Science Fiction class concludes

They were a terrific bunch, very likable and smart and thoughtful.  These kids today.  I didn’t always feel at the top of my game, especially on bad hamstring days, but they usually had something interesting to say.  Their unfavorite book, by a wide margin, was Snow Crash—even worse than Neuromancer in years past.  Forever War was once again the class favorite, though Boneshaker was a strong second.  They were quite enthusiastic about Boneshaker the first day we discussed it, when a construction worker accidentally set off the wrath-of-God alarm system, ending that discussion.  When we returned the next day, the spark had gone, but I would definitely teach the book again.  One thing the class especially liked about the book was Briar, a strong female character.  The one thing most liked about Snow Crash was the character of Y.T., another strong female character.  Some of the best papers were definitely on Boneshaker.  They liked the book better than I did (I wearied immediately of the sullen whiny adolescent boy), so I learned a lot about it from them.  I love it when that happens.  Monday Urban Fantasy begins, and I’m spending the weekend with Anansi Boys.  We’re practically old friends.  Throw me in that briar patch, Neil!

The SF movie verdict is in.

The envelope please.  Every year I ask my students to vote on their favorite and least favorite items on the syllabus.  We watched the last of the films, and the somewhat surprising winner was 2001: A Space Odyssey.   The clear loser?  T2.  So much for the conventional wisdom that these kids today require non-stop action and will reject Kubrick’s glacial pace like a bowl of cold oatmeal.  Second place went to Sleep Dealer, which pleased me.  It’s a very smart film.  The Rocky Horror Picture Show was beloved by fans, but as is often the case with fans, they weren’t eager to articulate the sources of their affection.  While Body Snatchers was nobody’s fave, it was still a success with most of the class.  I also just read their papers in which they review an sf film of their choosing.  A particularly good paper on Repo Man has me reconsidering that cult gem for the problematic 80’s.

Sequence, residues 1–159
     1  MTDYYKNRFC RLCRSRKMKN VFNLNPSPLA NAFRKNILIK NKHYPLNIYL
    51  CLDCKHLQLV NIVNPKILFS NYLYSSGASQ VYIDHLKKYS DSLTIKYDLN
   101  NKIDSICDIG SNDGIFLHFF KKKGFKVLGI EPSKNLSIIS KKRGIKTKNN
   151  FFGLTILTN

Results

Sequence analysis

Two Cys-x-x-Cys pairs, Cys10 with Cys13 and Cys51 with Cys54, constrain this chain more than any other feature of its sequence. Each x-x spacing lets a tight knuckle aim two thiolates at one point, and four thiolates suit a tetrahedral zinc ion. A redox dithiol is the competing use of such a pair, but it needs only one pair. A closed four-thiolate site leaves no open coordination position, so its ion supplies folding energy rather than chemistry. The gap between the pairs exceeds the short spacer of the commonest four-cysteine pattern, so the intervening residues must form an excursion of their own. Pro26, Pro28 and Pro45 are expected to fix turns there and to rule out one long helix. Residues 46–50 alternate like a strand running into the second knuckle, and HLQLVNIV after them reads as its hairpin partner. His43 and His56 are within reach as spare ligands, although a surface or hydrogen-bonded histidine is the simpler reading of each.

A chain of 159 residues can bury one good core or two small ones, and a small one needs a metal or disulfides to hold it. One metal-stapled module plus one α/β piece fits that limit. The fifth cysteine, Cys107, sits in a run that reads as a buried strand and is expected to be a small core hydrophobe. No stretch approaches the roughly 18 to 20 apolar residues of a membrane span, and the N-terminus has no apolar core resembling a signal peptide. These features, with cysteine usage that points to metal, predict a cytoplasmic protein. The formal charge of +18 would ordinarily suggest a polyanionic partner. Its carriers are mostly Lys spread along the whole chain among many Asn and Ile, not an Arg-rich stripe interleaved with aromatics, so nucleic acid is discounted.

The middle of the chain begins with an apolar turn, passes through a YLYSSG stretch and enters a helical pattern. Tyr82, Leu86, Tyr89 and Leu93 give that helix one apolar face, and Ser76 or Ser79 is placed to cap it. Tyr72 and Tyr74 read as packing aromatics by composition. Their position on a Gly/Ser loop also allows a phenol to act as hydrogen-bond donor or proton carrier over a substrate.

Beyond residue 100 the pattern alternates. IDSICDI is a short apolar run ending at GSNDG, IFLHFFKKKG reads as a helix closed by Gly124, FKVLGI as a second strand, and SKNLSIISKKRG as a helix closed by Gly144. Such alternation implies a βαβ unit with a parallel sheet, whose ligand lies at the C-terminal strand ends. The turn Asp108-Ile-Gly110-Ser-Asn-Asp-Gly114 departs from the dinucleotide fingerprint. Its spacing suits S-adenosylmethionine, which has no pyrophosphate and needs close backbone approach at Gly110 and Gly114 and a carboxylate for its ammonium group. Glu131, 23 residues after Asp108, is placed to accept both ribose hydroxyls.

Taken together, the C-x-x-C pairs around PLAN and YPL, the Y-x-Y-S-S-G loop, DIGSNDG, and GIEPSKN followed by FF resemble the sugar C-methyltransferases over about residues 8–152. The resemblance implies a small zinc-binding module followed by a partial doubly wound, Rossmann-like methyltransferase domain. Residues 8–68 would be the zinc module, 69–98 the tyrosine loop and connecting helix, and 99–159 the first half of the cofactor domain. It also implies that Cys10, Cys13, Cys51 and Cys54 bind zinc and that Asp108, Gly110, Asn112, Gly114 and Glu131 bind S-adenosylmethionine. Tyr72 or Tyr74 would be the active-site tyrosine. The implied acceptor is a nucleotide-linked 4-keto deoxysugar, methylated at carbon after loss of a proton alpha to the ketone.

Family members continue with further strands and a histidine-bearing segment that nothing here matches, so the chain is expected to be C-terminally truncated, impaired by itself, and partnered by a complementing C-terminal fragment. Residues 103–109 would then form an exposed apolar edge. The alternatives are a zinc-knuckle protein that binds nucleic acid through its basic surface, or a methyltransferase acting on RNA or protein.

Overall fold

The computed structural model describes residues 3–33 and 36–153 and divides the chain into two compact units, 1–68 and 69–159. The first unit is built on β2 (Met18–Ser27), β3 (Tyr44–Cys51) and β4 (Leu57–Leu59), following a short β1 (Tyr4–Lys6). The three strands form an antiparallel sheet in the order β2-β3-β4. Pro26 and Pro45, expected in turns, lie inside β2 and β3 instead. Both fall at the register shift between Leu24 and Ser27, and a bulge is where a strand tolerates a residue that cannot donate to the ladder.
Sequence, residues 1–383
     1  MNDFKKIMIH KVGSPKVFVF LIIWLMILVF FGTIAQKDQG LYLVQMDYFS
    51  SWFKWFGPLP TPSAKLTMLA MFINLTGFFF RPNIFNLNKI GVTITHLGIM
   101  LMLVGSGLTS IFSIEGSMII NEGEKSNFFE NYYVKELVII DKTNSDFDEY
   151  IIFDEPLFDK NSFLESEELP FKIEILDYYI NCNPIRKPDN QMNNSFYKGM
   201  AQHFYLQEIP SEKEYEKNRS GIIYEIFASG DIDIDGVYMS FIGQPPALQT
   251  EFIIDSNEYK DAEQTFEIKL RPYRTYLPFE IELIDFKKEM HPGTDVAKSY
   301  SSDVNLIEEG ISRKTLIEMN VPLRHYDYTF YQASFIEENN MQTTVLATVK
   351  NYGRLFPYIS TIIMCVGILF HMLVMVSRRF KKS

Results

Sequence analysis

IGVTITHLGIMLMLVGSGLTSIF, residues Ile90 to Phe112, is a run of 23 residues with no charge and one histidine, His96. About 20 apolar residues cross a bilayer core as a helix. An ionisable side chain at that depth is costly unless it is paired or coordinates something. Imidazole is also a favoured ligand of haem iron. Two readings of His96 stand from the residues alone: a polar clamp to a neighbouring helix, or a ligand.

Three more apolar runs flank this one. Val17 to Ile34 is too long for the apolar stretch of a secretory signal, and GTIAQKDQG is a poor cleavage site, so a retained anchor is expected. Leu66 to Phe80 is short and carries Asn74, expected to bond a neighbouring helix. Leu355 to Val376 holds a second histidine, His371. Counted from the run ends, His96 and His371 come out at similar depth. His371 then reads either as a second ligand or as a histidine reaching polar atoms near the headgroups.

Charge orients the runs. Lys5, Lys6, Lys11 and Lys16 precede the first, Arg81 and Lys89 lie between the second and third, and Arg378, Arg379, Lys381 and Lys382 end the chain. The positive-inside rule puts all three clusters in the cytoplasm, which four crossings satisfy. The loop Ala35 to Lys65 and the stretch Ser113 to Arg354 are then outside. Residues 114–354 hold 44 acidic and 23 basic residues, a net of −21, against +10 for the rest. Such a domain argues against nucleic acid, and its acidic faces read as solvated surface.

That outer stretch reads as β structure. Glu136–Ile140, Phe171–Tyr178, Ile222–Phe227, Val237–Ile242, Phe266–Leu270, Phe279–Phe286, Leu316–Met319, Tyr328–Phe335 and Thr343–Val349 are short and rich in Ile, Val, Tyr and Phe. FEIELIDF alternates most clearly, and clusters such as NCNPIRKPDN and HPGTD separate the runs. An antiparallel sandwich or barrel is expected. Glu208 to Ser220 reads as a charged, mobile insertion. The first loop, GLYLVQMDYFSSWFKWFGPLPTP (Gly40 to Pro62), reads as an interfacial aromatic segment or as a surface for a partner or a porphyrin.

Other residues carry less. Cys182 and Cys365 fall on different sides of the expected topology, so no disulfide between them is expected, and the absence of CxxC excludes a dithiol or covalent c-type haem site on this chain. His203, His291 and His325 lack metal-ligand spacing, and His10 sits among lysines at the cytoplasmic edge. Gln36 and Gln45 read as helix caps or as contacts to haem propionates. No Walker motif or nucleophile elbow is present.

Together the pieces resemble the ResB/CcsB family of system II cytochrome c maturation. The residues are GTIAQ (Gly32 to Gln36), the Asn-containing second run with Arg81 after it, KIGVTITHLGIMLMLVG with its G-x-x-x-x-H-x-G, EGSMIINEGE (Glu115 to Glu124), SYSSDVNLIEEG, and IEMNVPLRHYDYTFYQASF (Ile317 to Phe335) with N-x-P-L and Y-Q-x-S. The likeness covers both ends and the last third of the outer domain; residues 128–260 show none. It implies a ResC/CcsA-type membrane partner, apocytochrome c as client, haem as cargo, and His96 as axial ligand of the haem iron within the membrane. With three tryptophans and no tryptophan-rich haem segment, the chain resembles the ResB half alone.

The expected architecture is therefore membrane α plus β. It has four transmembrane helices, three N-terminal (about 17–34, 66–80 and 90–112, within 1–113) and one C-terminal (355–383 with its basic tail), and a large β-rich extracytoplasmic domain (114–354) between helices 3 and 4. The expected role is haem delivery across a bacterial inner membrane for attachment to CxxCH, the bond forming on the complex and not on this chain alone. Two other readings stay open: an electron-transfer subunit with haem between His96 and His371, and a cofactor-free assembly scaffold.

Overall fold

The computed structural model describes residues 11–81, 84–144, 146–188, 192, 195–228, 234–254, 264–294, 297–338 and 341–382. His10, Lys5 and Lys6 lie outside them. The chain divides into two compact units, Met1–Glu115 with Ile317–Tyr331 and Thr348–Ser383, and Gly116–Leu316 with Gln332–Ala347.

The 70’s and beyond…

It seemed like such a good idea—to include the most watched sf movie ever made—The Rocky Horror Picture Show—but I discovered that watching a movie in an inebriated state, throwing food, and shouting ritual responses are poor preparation for any critical appreciation of a film.  It’s become inseparable from its ritual.  There was a small but quiet group of loyalists, but for the most part, the movie tanked.  I identified with Eddie.  Looks like its back to Alien next year.  The Forever War, however, was successful once again.  This is an excellent class, their papers were quite good, and they’re not afraid to talk and disagree.  We screen T2 today, and who doesn’t like the Governator?  My classroom is next to the stairwell, so the noise doesn’t carry fortunately.  We can blow shit up to our heart’s content.  I’m showing the superior theatrical cut.  Cameron’s restored scenes in DVD release are mostly plot-bloating cheese, especially the dopey ghost-of-Kyle scene in the mental hospital.  Then on to Snow Crash, a book that’s growing on me, especially the incisive descriptions of the burbscape.  I do wish Neal Stephenson would follow Miéville’s fine example and write something of a teachable length!